This Week in Her and History

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This Week in History, Dec 14 - Dec 20

Dec 14, 1911
USSR expelled from the League of Nations. On this day, the League of Nations, the international peacekeeping organization formed at the end of World War I, expels the Union of Soviet Socialist Republics in response to the Soviets' invasion of Finland on October 30. Although the League of Nations was more or less the brainchild of President Woodrow Wilson, the United States, which was to have sat on the Executive Council, never joined. Isolationists in the Senate--put off by America's intervention in World War I, which they felt was more of a European civil war than a true world war--prevented American participation. While the League was born with the exalted mission of preventing another "Great War," it proved ineffectual, being unable to protect China from a Japanese invasion or Ethiopia from an Italian one. The League was also useless in reacting to German militarization, which was a violation of the Treaty of Versailles, the document that formally set the peace terms for the end of World War I. Germany and Japan voluntarily withdrew from the League in 1933, and Italy left in 1937. The true imperial designs of the Soviet Union soon became apparent with its occupation of eastern Poland in September of 1939, ostensibly with the intention of protecting Russian "blood brothers," Ukrainians who were supposedly menaced by the Poles. Lithuania, Latvia, and Estonia were then terrorized into signing "mutual assistance" pacts, primarily one-sided agreements that gave the USSR air and naval bases in those countries. But the invasion of Finland, where no provocation or pact could credibly be adduced to justify the aggression, resulted in worldwide reaction. President Roosevelt, although an "ally" of the USSR, condemned the invasion, causing the Soviets to withdraw from the New York World's Fair. And finally, the League of Nations, drawing almost its last breath, expelled it.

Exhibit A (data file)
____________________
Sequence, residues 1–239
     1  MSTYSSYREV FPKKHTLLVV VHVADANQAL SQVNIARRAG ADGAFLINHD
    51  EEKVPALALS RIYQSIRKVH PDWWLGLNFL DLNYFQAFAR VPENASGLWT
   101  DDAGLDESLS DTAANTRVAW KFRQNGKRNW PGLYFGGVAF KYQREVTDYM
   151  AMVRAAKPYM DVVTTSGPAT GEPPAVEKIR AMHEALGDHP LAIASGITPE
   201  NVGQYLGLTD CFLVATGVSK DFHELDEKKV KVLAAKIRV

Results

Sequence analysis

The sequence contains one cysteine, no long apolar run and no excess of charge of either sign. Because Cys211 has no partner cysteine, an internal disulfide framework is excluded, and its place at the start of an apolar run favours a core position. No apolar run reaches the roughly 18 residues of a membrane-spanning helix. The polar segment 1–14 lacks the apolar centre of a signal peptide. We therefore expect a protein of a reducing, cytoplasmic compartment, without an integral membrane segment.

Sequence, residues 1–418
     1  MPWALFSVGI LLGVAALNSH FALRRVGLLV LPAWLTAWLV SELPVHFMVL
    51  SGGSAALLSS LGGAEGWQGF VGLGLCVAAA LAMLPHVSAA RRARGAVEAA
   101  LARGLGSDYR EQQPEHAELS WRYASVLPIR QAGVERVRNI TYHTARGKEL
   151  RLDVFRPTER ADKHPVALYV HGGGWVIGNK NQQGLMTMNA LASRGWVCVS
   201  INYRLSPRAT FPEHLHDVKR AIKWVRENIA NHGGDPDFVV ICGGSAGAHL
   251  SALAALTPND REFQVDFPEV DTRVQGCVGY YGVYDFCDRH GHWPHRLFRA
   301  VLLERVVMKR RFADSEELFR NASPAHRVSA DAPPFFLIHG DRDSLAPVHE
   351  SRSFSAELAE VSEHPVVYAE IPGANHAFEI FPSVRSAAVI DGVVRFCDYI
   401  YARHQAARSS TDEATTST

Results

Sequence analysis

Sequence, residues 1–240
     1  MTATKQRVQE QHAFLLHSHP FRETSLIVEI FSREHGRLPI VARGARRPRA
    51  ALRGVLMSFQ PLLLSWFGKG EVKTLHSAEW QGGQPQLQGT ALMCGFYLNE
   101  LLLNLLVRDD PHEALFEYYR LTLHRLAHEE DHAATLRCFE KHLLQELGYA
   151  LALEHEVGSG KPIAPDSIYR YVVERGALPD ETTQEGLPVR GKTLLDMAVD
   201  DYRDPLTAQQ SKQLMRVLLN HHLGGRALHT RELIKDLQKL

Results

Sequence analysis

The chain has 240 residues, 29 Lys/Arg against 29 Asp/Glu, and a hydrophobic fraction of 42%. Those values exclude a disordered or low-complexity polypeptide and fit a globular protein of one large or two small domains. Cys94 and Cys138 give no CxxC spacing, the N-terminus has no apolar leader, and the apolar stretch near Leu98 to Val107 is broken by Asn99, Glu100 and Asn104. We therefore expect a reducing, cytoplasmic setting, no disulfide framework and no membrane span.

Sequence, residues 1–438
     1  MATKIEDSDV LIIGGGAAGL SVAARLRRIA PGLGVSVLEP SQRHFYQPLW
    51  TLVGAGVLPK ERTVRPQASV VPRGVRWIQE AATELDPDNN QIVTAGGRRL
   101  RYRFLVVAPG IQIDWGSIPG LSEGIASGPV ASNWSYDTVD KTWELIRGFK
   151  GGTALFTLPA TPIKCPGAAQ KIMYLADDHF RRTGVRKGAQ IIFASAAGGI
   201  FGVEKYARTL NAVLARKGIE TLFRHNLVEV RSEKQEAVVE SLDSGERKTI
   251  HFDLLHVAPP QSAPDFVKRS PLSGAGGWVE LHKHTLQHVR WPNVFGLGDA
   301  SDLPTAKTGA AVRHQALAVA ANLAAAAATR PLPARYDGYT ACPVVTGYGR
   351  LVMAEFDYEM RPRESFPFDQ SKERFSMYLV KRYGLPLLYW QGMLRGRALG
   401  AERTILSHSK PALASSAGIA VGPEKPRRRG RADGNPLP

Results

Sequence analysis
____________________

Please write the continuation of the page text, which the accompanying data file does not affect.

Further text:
Dec 15, 2001
Leaning Tower of Pisa reopens. On this day in 2001, Italy's Leaning Tower of Pisa reopens after a team of experts spent 11 years and $27 million to fortify the tower without eliminating its famous lean. In the 12th century, construction began on the bell tower for the cathedral of Pisa, a busy trade center on the Arno River in western Italy, some 50 miles from Florence. While construction was still in progress, the tower's foundation began to sink into the soft, marshy ground, causing it to lean to one side. Its builders tried to compensate for the lean by making the top stories slightly taller on one side, but the extra masonry required only made the tower sink further. By the time it was completed in 1360, modern-day engineers say it was a miracle it didn't fall down completely. Though the cathedral itself and the adjoining baptistery also leaned slightly, it was the Torre Pendente di Pisa, or Leaning Tower of Pisa, that became the city's most famous tourist attraction. By the 20th century, the 190-foot-high white marble tower leaned a dramatic 15 feet off the perpendicular. In the year before its closing in 1990, 1 million people visited the old tower, climbing its 293 weathered steps to the top and gazing out over the green Campo dei Miracoli (Field of Miracles) outside. Fearing it was about to collapse, officials appointed a group of 14 archeologists, architects and soil experts to figure out how to take some--but not all--of the famous tilt away.

Dec 16, 1773
The Boston Tea Party. In Boston Harbor, a group of Massachusetts colonists disguised as Mohawk Indians board three British tea ships and dump 342 chests of tea into the harbor. The midnight raid, popularly known as the "Boston Tea Party," was in protest of the British Parliament's Tea Act of 1773, a bill designed to save the faltering East India Company by greatly lowering its tea tax and granting it a virtual monopoly on the American tea trade. The low tax allowed the East India Company to undercut even tea smuggled into America by Dutch traders, and many colonists viewed the act as another example of taxation tyranny. When three tea ships, the Dartmouth, the Eleanor, and the Beaver, arrived in Boston Harbor, the colonists demanded that the tea be returned to England. After Massachusetts Governor Thomas Hutchinson refused, Patriot leader Samuel Adams organized the "tea party" with about 60 members of the Sons of Liberty, his underground resistance group. The British tea dumped in Boston Harbor on the night of December 16 was valued at some $18,000. Parliament, outraged by the blatant destruction of British property, enacted the Coercive Acts, also known as the Intolerable Acts, in 1774. The Coercive Acts closed Boston to merchant shipping, established formal British military rule in Massachusetts, made British officials immune to criminal prosecution in America, and required colonists to quarter British troops. The colonists subsequently called the first Continental Congress to consider a united American resistance to the British.